Insurance bosses from Axa and Norwich Union disagreed with Willis chief Hugh Warren over the main competitive threats to brokers in the commercial insurance market at Biba's set piece conference debate on Friday.
Warren refuted suggestions from Patrick Snowball, managing director of Norwich Union, that the insurance arms of banks are likely to seize an increasing share of brokers' commercial business.
Snowball told the conference: “I think the threat is most likely to come from the alignment of banks and their small business departments.” He said some commercial business had been significantly underpriced for the past five years and that this had to change.
The combined operating ratio for the motor trade market had been “absolutely dreadful” and Norwich Union had had to impose a 25% premium increase in the past year.
Snowball said raising some commercial rates in this way was not a panic measure because Norwich Union had planned to get this business back into profit and not take the next five years to do it.
Axa chief executive Andy Homer said pressure was beginning to build for insurers to deal with commercial business on a direct basis.
Homer went on to state categorically that the insurer did not cross-subsidise its direct and broker distribution channels. “That is a myth,” he said.
Warren disagreed with Snowball when he said the main threat to commercial brokers was coming from insurance companies rather than the major banks.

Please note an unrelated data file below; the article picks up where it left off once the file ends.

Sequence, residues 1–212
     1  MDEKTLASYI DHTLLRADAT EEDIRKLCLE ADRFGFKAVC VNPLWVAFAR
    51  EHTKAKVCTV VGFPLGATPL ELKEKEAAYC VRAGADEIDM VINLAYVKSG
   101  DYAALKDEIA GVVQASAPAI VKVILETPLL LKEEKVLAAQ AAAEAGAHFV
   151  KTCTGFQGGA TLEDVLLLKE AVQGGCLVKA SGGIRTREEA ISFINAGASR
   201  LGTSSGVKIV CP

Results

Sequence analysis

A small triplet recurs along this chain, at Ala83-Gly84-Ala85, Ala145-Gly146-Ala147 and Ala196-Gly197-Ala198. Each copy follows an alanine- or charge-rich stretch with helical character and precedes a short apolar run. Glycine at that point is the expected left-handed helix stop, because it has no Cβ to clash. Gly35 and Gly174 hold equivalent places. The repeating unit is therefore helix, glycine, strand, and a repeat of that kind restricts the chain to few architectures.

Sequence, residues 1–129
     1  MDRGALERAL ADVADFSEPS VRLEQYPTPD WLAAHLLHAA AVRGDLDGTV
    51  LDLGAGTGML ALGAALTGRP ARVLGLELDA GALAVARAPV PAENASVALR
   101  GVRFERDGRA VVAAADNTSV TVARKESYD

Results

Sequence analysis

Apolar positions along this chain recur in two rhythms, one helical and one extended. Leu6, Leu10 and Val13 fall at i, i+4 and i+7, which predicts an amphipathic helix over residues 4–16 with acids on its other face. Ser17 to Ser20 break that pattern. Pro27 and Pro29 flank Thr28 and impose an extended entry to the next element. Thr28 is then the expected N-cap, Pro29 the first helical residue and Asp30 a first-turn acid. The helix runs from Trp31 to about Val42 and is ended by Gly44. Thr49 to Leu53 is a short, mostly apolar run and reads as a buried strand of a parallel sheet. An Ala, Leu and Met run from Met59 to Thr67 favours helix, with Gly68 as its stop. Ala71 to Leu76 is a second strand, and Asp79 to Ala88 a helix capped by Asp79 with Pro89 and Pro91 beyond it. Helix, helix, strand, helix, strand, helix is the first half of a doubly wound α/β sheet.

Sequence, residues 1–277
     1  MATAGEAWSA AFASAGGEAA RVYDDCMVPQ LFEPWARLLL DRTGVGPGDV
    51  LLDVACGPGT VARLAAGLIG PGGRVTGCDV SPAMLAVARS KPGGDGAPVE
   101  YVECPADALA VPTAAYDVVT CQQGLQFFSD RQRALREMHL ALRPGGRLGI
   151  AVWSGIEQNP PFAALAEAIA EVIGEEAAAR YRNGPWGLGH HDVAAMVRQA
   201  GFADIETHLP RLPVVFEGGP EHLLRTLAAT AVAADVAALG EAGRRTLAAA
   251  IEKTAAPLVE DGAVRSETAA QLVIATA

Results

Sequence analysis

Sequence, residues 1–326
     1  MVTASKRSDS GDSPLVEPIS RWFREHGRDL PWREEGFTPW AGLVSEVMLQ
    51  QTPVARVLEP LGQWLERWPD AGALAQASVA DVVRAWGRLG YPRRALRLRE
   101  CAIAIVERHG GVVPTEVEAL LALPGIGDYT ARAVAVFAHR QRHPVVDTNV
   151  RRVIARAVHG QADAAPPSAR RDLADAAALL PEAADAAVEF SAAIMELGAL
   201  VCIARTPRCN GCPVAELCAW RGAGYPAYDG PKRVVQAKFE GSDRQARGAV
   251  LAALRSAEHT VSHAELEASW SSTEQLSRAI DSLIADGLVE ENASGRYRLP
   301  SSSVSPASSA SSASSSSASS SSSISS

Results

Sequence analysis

He said provincial brokers controlled more than 80% of the commercial market compared to the banks' share of less than 10%.
“The banks are not a major threat – if they were, they would control more market share.”
Warren stressed the number of commercial brokers was likely to diminish from the current figure of 2,500 to a core of around 500-600 brokers over the next five years.
He said this streamlining process would be driven by the insurance market rather than insurance companies.
“The insurance market is going to drive many commercial brokers into the arms of provincial brokers who develop their technology and have a minimum gross written premium of £2m.”
Snowball also warned the audience of brokers that high distribution costs were becoming a concern.
Product distribution was currently adding about 30% to the cost of insurance products – an unacceptable figure in an increasingly competitive market, he said.
Snowball said the product standardisation system Polaris alone had cost £25m to develop over 10 years and that insurers would expect a return for investing an additional £25m in a robust internet portal for distributing insurance products.
“One of the challenges for the broking community over the next 18 months is whether individual firms can afford to sign up for an open access internet portal because if they cannot, they will be left out of the race,” he said.
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